Professor Percy’s five fold argument.
In the latest instalment of the ViaMedia.News series ‘Does the Bible Really Say…’ series, Professor Martyn Percy addresses the topic ‘Does the Bible Really…Advocate the ‘Nuclear Family?’ 
In his article Professor Percy gives five reasons for rejecting the idea that Christianity is ‘right behind the nuclear family.’
First, he appeals to the teaching of Jesus, declaring:
‘Jesus advocated leaving one’s parents for the sake of the Kingdom. The siblings too, got some short shrift from Jesus. He told his disciples to go do likewise, more or less. Moreover, don’t even think about loitering at your parents’ funerals; there is kingdom work to be done. The dead can bury the dead.’
Secondly, he argues that the Bible ‘contains many patterns of family life’ and that the Old Testament in particular ‘offers us dozens – literally – of ‘family patterns’, which ‘should not necessarily be honoured today.’ As an example, he refers to the story of Rachel and Leah in Genesis 29-30, both of whom are married to Jacob, and both of whom offer him their maids so that he can beget children by them.
Thirdly, he argues that the founders of four of the world’s great religions, Moses, the Buddha, Mohammed and Jesus were all adopted:
‘Moses was abandoned by his birth mother and left to float in a small coracle in the River Nile, and had the good fortune to be picked up by the daughter of one of the Pharaohs, and nurtured as one of her own. Mohammed was orphaned at the age of six, or perhaps earlier, and was brought up by his uncle in the ancient city of Makka. The Buddha’s mother died when he was less than a week old, and he was raised by her sister. Jesus, of course, according to Christian orthodoxy is not exactly the child of Joseph, since Christian tradition claims no human intervention in his genesis. Although Mary is clearly his mother, Joseph is not his biological father.’
According to Professor Percy this matters because it places the dynamic of adoption at the heart of these religious traditions.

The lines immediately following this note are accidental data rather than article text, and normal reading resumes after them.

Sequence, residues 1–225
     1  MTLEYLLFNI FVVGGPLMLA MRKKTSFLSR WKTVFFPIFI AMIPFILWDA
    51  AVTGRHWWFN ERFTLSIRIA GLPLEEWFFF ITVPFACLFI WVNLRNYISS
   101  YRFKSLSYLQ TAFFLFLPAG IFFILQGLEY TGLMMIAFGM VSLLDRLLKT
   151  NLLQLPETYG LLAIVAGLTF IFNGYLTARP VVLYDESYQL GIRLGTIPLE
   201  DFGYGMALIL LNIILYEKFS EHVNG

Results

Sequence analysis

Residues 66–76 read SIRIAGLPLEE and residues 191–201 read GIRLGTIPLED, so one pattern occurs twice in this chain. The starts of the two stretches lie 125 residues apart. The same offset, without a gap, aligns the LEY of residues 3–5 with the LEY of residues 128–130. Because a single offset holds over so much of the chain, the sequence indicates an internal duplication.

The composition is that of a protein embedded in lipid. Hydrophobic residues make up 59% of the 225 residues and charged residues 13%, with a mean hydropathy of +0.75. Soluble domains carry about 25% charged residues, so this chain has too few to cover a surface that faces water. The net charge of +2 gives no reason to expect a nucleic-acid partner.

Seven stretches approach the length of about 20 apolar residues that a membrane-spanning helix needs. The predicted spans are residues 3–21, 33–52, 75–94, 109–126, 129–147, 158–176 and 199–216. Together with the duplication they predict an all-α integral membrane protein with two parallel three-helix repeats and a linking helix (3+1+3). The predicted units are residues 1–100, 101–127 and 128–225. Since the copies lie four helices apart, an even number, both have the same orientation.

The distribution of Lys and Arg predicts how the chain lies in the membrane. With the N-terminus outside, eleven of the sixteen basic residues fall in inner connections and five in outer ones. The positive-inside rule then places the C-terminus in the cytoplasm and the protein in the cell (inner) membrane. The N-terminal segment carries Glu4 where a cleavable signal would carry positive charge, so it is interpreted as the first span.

Fourthly, the early Church based itself not on the pattern of the nuclear family, but on the pattern of an oikos, an ‘extended household incorporating kith and kin, servants, slaves, tutors, workers, dependents and contributors.’
Fifthly, as an oikos the Church was an outward facing body that ‘took to adoption quite naturally’ and adoption is something that is central to the Church’s life:
‘… just as churches, congregations and individuals Christians understand or experience themselves as, in some sense, ‘adopted’ by God (as Paul suggests), so they in turn, find themselves adopting others.’
It is for this reason, Professor Percy contends, that:
‘… the churches, at their best, function like adoption and foster homes. They welcome the unwelcome; they love the unloved; they embrace the excluded. The Church was not meant to be a cult or a club for members, any more than the Christian vision for ‘family’ was ever meant to be ‘nuclear’. It wasn’t.
The early church took in widows and orphans. The early church was extensive and open in character. It embraced slave and free, Jew and Gentile. It will have embraced married and unmarried, and young and old, citizen and alien. If the Church wants to recover a vision for mission and evangelism, and plead for the restoration of moral foundations in contemporary society, then appealing to the sanctity of the ‘nuclear family’ is not the way forward.’
How should we respond to this argument?
The first thing to note is that Professor Percy seems to be operating with a very misleading understanding of what is meant by a ‘nuclear family.’
Implicit in his overall approach to the significance of the nuclear family is a contrast between a nuclear family and a body that is open to adopting the outsider. His central argument seems to be that the Church should be the latter rather than the former.